|Thermal adaptation and clinal mitochondrial DNA variation of European anchovy.
|Silva, G, Lima, FP, Martel, P, Castilho, R
|Year of Publication
|Proc Biol Sci
|2014 Oct 7
|Adaptation, Biological, Animals, Atlantic Ocean, Base Sequence, DNA, Mitochondrial, Environment, Fishes, Genes, Mitochondrial, Genetics, Population, Mediterranean Sea, Molecular Sequence Data, Phylogeny, Temperature
Natural populations of widely distributed organisms often exhibit genetic clinal variation over their geographical ranges. The European anchovy, Engraulis encrasicolus, illustrates this by displaying a two-clade mitochondrial structure clinally arranged along the eastern Atlantic. One clade has low frequencies at higher latitudes, whereas the other has an anti-tropical distribution, with frequencies decreasing towards the tropics. The distribution pattern of these clades has been explained as a consequence of secondary contact after an ancient geographical isolation. However, it is not unlikely that selection acts on mitochondria whose genes are involved in relevant oxidative phosphorylation processes. In this study, we performed selection tests on a fragment of 1044 bp of the mitochondrial cytochrome b gene using 455 individuals from 18 locations. We also tested correlations of six environmental features: temperature, salinity, apparent oxygen utilization and nutrient concentrations of phosphate, nitrate and silicate, on a compilation of mitochondrial clade frequencies from 66 sampling sites comprising 2776 specimens from previously published studies. Positive selection in a single codon was detected predominantly (99%) in the anti-tropical clade and temperature was the most relevant environmental predictor, contributing with 59% of the variance in the geographical distribution of clade frequencies. These findings strongly suggest that temperature is shaping the contemporary distribution of mitochondrial DNA clade frequencies in the European anchovy.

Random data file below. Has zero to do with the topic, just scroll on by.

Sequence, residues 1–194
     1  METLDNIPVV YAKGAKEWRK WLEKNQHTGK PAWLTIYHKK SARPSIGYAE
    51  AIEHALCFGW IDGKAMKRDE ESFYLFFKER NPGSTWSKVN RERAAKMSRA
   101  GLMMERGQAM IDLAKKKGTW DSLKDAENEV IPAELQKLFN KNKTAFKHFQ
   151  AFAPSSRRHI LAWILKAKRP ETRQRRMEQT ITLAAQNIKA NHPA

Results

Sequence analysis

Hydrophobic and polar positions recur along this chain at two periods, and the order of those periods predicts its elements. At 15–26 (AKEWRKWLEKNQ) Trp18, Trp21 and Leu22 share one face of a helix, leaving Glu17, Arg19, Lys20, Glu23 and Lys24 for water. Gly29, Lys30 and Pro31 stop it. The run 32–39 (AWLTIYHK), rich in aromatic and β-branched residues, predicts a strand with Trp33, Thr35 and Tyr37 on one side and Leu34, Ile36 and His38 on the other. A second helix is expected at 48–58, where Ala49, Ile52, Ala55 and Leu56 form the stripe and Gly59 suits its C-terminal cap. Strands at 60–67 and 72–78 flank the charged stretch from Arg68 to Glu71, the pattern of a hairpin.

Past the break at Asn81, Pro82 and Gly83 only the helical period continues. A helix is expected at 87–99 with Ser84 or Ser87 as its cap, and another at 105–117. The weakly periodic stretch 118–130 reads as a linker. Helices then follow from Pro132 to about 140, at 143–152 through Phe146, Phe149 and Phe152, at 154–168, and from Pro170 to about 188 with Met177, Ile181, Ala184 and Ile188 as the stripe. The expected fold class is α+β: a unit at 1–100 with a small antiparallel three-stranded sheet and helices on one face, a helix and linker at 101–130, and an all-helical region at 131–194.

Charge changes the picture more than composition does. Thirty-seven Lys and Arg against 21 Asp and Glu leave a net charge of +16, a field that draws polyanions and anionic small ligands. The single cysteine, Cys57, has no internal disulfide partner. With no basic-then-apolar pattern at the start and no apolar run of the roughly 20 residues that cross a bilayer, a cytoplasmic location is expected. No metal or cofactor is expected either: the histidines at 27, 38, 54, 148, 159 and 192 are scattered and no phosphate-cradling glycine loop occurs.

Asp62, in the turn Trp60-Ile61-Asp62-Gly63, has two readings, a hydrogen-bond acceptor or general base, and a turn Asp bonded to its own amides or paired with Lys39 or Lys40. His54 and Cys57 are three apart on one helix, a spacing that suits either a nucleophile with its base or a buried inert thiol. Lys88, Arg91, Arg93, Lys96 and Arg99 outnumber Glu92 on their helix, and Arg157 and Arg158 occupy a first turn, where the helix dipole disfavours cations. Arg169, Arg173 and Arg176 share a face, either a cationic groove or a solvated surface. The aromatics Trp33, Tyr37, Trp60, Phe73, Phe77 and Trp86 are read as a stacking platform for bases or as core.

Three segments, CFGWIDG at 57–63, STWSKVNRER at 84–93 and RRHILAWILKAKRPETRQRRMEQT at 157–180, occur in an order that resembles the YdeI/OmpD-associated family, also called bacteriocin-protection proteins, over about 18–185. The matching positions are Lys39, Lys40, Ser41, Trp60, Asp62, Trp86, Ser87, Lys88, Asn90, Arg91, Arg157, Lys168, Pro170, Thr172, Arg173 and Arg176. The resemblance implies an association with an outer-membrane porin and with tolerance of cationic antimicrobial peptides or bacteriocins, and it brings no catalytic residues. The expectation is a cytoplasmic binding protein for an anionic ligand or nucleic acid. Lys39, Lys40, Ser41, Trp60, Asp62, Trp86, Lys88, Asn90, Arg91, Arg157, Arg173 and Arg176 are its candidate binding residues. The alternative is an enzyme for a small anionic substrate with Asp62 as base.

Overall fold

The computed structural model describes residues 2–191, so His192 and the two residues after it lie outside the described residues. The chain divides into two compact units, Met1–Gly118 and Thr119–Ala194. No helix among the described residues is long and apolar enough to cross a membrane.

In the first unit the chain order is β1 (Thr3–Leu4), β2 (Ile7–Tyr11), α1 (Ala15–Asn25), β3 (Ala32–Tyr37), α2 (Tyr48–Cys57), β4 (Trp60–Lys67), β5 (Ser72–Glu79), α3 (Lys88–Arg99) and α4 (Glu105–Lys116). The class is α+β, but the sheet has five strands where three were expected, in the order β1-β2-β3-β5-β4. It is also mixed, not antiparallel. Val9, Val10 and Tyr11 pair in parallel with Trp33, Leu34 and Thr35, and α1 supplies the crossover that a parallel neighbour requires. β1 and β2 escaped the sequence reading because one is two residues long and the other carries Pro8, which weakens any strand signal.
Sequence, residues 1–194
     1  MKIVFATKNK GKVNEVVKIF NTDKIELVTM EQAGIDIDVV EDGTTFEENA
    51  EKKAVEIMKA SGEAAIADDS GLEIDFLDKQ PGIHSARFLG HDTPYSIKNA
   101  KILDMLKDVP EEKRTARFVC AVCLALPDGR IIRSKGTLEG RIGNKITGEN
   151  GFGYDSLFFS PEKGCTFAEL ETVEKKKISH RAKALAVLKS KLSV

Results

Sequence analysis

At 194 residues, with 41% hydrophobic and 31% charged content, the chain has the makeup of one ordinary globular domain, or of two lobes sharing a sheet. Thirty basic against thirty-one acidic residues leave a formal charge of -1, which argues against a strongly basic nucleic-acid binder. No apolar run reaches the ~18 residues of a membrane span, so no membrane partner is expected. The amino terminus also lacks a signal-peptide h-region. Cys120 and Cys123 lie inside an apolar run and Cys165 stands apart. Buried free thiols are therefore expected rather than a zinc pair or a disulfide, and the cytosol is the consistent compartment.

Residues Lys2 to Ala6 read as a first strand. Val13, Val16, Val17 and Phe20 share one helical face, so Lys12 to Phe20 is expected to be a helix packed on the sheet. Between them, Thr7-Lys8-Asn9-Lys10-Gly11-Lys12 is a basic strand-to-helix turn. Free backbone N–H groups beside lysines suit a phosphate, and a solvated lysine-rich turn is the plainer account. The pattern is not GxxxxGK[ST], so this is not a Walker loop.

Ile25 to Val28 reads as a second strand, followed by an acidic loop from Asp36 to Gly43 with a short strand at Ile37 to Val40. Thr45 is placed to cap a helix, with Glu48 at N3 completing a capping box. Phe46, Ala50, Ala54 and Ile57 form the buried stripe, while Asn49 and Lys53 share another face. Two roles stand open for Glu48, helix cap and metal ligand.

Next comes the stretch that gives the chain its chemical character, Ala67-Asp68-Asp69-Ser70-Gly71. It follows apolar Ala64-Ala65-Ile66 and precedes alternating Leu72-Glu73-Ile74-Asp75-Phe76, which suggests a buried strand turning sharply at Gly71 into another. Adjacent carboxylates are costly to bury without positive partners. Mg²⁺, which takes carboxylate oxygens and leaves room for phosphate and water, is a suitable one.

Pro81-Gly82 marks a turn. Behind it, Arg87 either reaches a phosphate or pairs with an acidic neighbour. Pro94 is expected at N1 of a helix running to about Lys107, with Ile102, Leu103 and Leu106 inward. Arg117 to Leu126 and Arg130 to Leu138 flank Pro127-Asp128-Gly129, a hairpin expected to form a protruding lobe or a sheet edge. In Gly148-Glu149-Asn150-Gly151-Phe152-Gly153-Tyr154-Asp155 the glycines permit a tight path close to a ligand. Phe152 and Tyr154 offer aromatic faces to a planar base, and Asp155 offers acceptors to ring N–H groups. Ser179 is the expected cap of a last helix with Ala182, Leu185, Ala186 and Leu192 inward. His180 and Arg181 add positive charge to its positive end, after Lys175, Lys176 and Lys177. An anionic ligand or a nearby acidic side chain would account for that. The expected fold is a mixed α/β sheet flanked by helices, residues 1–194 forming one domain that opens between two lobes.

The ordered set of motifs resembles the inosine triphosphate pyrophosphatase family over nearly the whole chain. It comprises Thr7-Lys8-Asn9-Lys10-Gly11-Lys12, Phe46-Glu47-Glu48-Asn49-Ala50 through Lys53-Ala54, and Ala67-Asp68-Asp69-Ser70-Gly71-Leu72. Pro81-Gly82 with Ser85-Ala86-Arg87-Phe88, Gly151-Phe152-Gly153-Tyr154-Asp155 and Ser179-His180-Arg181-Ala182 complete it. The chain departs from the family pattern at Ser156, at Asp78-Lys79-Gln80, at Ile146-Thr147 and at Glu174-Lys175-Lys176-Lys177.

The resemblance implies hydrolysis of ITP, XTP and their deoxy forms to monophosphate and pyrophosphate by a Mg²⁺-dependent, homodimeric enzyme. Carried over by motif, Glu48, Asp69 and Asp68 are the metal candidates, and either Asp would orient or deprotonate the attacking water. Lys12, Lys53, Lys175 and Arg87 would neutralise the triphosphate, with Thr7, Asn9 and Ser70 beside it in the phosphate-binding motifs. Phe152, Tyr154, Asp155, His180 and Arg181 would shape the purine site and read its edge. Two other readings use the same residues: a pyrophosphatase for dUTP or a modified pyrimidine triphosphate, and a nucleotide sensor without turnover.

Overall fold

|Proc. Biol. Sci.
|PubMed Central ID